Gas stations' long decline
The number of gas stations has been in steady decline for decades, and the volatility in gas prices — along with the rising popularity of electric vehicles — will squeeze them even further.
The big picture: President Biden is accusing gas stations of profiteering from high oil price, and at least four California cities have banned new stations. But most gas stations aren't owned by big multinational corporations, and the ups and downs of fuel prices is likely cutting into many of their bottom lines.
- The pattern of a sharp rise and then slow fall in gas prices is the worst possible dynamic for such businesses.
How it works: "Stations tend to hold back price increases to hold onto customers," said Jeff Lenard of NACS, the trade association for convenience stores.
- As the WSJ explains, when the gas station refills its own tanks, it buys weeks' worth of fuel — sometimes months' worth, in the case of diesel — at a single high price.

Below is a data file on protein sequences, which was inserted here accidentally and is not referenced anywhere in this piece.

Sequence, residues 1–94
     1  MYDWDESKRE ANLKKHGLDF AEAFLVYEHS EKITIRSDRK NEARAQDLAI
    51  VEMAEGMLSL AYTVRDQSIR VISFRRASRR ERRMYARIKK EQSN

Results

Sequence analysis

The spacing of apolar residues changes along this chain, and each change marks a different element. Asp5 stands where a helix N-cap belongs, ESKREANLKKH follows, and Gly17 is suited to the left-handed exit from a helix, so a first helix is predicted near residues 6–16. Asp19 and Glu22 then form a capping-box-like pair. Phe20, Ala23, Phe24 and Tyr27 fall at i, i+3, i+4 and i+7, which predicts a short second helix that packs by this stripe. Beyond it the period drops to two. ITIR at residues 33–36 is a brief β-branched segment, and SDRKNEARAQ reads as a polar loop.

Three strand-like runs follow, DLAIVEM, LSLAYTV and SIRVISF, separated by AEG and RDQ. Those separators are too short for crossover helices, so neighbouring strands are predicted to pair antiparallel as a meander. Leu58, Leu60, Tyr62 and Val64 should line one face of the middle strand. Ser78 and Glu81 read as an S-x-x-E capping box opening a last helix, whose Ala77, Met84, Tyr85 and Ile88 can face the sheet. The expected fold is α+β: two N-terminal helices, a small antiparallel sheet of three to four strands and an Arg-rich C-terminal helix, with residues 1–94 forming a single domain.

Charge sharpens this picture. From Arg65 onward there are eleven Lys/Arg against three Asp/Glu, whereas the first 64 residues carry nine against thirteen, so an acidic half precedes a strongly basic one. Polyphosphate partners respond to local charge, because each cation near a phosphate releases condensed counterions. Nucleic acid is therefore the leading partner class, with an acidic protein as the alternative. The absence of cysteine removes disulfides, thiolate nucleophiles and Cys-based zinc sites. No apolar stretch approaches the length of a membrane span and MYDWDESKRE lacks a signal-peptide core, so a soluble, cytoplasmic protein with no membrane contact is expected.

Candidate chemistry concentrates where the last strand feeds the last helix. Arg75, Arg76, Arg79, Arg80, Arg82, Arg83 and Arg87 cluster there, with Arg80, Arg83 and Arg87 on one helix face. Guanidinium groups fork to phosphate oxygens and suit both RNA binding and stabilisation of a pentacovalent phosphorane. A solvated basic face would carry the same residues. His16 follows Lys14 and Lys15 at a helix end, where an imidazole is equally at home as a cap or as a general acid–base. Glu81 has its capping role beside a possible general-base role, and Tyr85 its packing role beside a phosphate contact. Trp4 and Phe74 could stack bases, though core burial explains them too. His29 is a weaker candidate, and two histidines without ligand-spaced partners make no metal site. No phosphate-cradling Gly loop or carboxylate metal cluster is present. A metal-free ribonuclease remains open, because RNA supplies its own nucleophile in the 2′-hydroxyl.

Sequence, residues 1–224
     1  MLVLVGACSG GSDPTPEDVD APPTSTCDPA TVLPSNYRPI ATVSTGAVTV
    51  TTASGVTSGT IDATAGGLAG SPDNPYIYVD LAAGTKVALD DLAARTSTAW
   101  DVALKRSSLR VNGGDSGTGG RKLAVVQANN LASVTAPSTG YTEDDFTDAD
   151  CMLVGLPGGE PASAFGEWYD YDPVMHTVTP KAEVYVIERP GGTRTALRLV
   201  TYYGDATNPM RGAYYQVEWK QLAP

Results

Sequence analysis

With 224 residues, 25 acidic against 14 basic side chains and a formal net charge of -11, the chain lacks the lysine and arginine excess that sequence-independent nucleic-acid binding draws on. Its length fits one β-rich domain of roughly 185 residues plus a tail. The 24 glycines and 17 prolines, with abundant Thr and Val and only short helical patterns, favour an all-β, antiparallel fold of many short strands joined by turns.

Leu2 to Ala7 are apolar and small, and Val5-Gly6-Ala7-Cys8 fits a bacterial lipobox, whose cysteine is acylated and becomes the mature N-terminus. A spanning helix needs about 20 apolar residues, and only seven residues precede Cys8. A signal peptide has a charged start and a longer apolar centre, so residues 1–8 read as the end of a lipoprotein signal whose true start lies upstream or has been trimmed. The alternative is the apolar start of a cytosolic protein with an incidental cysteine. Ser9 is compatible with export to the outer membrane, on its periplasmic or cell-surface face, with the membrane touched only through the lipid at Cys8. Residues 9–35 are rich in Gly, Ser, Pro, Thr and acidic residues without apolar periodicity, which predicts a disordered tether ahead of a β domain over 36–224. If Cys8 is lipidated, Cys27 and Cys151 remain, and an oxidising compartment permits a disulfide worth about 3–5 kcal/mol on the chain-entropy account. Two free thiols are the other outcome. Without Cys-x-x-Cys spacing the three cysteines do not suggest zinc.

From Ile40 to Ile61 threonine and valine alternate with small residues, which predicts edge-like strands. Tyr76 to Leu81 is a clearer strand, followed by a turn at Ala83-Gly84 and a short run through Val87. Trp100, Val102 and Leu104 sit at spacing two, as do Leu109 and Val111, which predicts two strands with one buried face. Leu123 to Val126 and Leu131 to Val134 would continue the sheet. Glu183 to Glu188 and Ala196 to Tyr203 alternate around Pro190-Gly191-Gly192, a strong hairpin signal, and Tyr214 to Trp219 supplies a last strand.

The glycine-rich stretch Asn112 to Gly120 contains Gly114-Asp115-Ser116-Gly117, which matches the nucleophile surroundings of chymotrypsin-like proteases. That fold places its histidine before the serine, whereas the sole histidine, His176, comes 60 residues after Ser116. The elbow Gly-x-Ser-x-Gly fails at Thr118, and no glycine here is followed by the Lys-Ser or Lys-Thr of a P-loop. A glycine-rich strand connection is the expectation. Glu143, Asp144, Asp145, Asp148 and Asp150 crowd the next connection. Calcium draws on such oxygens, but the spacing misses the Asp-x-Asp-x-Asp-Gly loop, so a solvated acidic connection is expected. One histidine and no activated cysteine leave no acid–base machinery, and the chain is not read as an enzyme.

- If prices then start to fall, the gas station is forced to sell at below its own cost.
- The 2008 spike in gas prices was responsible for the demise of hundreds of gas stations, Lenard said.
Between the lines: This year might not be as bad for gas stations as 2008. Convenience stores sell more prepared food these days, which has higher margins and can help cushion any blow from gas-price volatility.
- Still, closures continue, including at least one in protest of high prices.
The gas station industry is surprisingly unconsolidated. 80% of the gas bought in America is purchased from a franchised convenience store that's individually owned — even if it bears the brand name of a multinational.
- In an industry where some operators set margins at a fixed rate of a few cents, higher gas prices translate to higher fees when customers pay with credit cards — which are set on a percentage basis and can eradicate those margins entirely.
The bottom line: Though mom & pop shops still dominate, big box stores have muscled into the game. Once they start using gas as a loss-leader, smaller players are forced to lower their prices or face going out of business entirely.